Published in Mobiles

Blackberry turns into a patent hunter

by on07 March 2018

Goes after social media sites

After failing to make money as a smartphone vendor, Blackberry has joined the long line of people suing sizeable social media sites for patent infringement.

While many believed that Blackberry had found new life and profits being a security company, it seems that the outfit is not just interested in that and wants to get a bit of cash from mining its patents.

BlackBerry on Tuesday filed patent infringement lawsuit against Facebook, Whatsapp and Instagram in Los Angeles Federal court.

In a statement, BlackBerry said: "We have a lot of respect for Facebook and the value they've placed on messaging capabilities, some of which were invented by BlackBerry. As cybersecurity and embedded software leader, BlackBerry's view is that Facebook, Instagram, and WhatsApp could make great partners in our drive toward a securely connected future, and we continue to hold this door open to them. However, we have a strong claim that Facebook has infringed on our intellectual property, and after several years of dialogue, we have an obligation to our shareholders to pursue appropriate legal remedies."

BlackBerry claims seven software patents which are pretty broad.

  • Patent 7,372,961 covers the concept of generating a cryptographic key by choosing a pseudorandom number and then checking if it is "less than order q before reducing mod q." If it is, the key is used. If not, another key is chosen at random and the process repeats.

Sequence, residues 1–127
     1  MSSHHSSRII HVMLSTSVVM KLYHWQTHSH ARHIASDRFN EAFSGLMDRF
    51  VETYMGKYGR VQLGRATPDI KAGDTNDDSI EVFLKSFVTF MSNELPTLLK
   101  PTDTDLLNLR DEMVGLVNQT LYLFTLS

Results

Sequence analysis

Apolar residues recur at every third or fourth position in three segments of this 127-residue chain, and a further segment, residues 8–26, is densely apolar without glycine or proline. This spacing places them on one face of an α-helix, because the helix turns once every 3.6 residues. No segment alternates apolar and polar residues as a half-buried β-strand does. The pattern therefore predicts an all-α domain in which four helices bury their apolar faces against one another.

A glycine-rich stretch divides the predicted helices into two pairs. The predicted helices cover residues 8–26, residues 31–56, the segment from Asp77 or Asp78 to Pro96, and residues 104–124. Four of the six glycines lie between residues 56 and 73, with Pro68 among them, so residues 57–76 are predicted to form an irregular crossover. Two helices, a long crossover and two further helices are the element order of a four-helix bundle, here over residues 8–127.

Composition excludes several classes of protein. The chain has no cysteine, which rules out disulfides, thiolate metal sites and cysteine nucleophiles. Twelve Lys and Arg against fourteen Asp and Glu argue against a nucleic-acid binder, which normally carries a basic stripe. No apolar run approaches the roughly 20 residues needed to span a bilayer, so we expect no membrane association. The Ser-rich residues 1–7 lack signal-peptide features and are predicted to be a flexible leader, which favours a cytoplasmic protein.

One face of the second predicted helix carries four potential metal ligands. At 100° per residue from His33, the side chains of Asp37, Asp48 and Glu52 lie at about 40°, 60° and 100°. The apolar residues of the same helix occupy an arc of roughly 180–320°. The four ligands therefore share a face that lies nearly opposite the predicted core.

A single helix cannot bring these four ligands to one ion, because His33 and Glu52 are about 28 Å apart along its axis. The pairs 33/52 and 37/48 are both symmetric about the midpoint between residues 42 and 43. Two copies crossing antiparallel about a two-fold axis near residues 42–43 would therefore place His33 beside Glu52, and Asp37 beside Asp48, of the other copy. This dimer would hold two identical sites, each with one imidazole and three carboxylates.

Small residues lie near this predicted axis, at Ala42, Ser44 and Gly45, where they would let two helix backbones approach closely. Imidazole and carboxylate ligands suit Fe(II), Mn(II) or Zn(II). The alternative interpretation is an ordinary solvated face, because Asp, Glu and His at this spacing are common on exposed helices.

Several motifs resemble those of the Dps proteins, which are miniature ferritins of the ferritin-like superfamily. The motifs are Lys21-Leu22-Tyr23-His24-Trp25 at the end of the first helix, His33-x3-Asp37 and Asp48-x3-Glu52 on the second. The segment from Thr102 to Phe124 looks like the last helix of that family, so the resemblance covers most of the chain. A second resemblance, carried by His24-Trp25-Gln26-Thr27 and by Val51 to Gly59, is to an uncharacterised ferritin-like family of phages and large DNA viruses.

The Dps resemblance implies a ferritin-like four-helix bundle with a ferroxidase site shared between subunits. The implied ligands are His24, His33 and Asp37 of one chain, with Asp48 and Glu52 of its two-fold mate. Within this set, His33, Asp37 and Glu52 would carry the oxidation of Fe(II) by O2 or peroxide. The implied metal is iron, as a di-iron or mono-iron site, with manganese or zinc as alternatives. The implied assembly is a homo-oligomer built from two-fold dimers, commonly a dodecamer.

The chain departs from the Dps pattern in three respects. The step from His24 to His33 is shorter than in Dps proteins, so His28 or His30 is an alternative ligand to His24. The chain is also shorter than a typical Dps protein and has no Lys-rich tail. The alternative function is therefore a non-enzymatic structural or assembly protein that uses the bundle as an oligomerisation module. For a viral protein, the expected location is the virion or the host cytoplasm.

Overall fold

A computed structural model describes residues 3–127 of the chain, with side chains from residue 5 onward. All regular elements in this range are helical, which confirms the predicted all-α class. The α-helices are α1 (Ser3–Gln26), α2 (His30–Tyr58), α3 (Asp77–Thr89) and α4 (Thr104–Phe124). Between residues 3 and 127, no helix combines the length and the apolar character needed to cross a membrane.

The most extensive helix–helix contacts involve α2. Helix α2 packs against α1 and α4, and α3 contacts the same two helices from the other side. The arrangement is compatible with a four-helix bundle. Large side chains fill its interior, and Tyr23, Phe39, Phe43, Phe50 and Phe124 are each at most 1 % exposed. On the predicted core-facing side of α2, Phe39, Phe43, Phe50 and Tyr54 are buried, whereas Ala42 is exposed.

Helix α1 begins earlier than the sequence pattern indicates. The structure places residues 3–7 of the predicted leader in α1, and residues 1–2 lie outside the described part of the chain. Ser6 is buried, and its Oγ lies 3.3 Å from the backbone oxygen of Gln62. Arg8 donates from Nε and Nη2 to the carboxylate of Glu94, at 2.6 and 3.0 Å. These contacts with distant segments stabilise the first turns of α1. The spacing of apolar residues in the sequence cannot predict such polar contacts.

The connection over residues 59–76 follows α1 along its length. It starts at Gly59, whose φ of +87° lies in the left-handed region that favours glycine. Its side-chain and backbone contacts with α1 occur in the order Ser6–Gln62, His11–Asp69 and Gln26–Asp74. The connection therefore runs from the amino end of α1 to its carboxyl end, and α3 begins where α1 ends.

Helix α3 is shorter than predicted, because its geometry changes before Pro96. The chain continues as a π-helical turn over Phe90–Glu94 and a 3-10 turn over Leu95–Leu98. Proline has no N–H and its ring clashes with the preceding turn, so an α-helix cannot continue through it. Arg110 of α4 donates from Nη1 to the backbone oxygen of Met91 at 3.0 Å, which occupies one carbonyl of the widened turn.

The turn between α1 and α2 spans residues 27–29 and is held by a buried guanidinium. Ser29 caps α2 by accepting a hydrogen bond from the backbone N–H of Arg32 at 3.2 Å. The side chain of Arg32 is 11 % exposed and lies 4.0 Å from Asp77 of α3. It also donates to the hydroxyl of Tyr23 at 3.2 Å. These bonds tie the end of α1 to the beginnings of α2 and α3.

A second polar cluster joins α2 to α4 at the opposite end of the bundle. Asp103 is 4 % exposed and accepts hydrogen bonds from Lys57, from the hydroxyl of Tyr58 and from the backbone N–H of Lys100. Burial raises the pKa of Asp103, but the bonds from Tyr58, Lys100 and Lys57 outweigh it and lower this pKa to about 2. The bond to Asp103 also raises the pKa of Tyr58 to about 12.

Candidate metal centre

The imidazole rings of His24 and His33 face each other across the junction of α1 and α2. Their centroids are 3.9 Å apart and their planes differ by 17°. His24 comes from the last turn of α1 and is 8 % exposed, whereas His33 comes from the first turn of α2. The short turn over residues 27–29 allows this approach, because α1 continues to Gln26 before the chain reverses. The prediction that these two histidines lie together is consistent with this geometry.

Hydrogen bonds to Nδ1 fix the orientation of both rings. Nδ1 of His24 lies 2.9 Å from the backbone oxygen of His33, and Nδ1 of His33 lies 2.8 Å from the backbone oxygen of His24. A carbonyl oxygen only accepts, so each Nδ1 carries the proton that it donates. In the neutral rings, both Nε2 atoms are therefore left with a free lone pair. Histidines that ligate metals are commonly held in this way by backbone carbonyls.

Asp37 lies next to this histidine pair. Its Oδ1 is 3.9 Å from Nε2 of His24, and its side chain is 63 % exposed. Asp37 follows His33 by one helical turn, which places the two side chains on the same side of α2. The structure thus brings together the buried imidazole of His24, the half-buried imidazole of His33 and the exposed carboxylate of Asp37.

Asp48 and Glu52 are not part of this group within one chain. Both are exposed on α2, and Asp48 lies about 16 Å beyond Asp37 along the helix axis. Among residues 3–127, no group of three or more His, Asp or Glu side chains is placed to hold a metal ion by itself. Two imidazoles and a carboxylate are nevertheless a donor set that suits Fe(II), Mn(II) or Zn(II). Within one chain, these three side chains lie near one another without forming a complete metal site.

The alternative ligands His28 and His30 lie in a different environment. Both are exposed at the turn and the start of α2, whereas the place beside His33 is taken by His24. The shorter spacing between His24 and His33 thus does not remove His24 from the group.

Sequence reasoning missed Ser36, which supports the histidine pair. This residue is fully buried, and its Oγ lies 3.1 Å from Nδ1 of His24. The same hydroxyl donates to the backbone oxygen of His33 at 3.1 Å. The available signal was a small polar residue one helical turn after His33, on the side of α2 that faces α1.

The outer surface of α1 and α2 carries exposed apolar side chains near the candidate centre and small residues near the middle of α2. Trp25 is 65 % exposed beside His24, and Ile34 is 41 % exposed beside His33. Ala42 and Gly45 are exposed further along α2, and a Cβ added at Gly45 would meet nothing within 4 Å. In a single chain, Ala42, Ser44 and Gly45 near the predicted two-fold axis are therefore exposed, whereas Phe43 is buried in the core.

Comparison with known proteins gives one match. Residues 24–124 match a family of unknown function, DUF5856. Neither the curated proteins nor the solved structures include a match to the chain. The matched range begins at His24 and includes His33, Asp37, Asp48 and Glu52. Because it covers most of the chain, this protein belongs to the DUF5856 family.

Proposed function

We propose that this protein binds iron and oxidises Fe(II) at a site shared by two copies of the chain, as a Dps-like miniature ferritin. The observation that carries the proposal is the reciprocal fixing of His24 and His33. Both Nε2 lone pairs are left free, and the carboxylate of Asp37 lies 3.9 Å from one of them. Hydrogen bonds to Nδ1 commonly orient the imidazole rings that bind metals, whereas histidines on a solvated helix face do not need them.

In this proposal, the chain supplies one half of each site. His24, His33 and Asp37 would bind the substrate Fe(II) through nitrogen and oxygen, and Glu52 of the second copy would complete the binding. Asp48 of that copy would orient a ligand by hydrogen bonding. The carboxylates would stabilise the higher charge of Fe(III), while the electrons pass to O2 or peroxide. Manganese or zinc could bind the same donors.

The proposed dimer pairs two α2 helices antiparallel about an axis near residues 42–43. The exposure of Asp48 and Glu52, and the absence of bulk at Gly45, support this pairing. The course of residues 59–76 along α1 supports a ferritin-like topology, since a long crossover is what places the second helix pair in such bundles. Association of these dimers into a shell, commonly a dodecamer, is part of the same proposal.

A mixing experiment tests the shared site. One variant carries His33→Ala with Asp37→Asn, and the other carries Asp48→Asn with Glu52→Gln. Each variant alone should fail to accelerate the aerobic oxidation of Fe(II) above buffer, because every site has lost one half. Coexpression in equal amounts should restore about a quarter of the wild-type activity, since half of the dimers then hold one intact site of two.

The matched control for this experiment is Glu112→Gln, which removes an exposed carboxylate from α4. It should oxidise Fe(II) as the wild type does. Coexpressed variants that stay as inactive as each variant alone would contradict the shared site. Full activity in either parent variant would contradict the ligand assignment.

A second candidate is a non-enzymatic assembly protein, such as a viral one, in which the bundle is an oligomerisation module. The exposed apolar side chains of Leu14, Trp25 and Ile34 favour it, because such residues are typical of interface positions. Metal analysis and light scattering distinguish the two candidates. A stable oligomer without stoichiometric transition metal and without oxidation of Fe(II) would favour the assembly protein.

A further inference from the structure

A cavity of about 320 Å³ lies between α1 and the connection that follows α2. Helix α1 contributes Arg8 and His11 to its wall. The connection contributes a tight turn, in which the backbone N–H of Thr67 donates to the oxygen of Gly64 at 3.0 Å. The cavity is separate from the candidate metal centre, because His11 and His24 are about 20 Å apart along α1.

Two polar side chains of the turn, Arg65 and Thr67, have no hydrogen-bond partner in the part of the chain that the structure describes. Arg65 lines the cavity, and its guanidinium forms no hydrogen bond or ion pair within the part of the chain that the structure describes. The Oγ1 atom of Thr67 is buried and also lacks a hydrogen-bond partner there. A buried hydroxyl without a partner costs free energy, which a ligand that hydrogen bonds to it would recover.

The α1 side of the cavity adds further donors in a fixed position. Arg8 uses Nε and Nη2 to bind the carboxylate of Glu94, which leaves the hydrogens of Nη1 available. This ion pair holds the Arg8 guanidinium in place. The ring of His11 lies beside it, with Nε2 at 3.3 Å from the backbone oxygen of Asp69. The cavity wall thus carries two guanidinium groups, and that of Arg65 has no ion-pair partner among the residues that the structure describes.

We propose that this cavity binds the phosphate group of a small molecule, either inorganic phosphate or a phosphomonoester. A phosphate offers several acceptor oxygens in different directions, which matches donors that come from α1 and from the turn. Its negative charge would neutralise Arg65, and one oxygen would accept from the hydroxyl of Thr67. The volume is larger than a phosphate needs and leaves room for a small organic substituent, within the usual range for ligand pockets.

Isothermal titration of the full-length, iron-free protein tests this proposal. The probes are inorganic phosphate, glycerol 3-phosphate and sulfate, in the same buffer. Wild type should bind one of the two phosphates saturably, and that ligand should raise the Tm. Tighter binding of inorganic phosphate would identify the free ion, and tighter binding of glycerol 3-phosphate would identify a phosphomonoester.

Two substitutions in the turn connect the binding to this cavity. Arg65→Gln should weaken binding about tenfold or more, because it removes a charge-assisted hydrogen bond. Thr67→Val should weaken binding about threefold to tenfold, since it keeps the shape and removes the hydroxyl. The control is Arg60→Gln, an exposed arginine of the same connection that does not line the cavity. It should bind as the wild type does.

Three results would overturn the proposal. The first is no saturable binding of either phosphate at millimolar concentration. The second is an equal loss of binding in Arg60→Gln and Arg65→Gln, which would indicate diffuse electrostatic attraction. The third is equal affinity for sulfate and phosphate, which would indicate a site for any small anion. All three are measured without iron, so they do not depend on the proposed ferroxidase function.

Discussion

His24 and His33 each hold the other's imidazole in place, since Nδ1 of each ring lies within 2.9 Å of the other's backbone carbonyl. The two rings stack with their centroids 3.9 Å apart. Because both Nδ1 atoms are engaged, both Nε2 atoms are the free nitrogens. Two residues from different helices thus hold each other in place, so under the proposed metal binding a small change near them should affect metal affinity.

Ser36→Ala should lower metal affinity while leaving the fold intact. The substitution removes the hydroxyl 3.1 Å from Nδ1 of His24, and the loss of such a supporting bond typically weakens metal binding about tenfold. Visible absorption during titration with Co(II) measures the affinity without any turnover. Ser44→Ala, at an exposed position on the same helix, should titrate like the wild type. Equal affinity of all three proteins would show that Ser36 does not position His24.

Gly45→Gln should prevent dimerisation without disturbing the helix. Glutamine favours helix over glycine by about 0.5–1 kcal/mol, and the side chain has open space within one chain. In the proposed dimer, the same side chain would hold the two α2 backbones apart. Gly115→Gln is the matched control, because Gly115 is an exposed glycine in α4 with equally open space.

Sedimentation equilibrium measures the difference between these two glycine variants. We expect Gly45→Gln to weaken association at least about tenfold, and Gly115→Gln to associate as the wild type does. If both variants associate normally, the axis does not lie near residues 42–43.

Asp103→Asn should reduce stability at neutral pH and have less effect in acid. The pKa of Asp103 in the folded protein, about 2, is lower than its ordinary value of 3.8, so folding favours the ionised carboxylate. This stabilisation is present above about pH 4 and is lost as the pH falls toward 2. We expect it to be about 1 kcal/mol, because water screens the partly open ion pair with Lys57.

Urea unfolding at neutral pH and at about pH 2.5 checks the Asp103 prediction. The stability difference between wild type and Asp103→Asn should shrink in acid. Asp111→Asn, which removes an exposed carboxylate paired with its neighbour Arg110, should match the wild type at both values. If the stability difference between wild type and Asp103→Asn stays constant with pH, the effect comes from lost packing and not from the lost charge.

• Patent 8,209,634 covers the concept of using icons with numeric badges to signal the arrival of new messages.
  • Patent 8,279,173 covers the concept of tagging people in photos using an auto-completing search box.
  • Patent 8,301,713 covers the concept of marking a significant lull in a text message conversation by inserting a timestamp reflecting the time of the next message.
  • Patent 8,429,236 covers the concept of changing how a mobile device sends messages depending on whether the recipient's device actively reads them.
  • Patent 8,677,250 covers the concept of tying a messaging service and a game application together so that a user playing a game can send messages to contacts on the messaging app that includes updates on the player's progress in the game.
  • Patent 9,349,120 covers the concept of muting a message thread.

Looking at this list, BlackBerry claims to own some of the most common features of modern mobile messaging apps. BlackBerry has asked the court to enjoin Facebook from infringing these patents, which could require Facebook to dramatically overhaul these apps or even shut them down altogether.  This is unlikely to happen and to be fair even US courts would not do that.



Last modified on 07 March 2018
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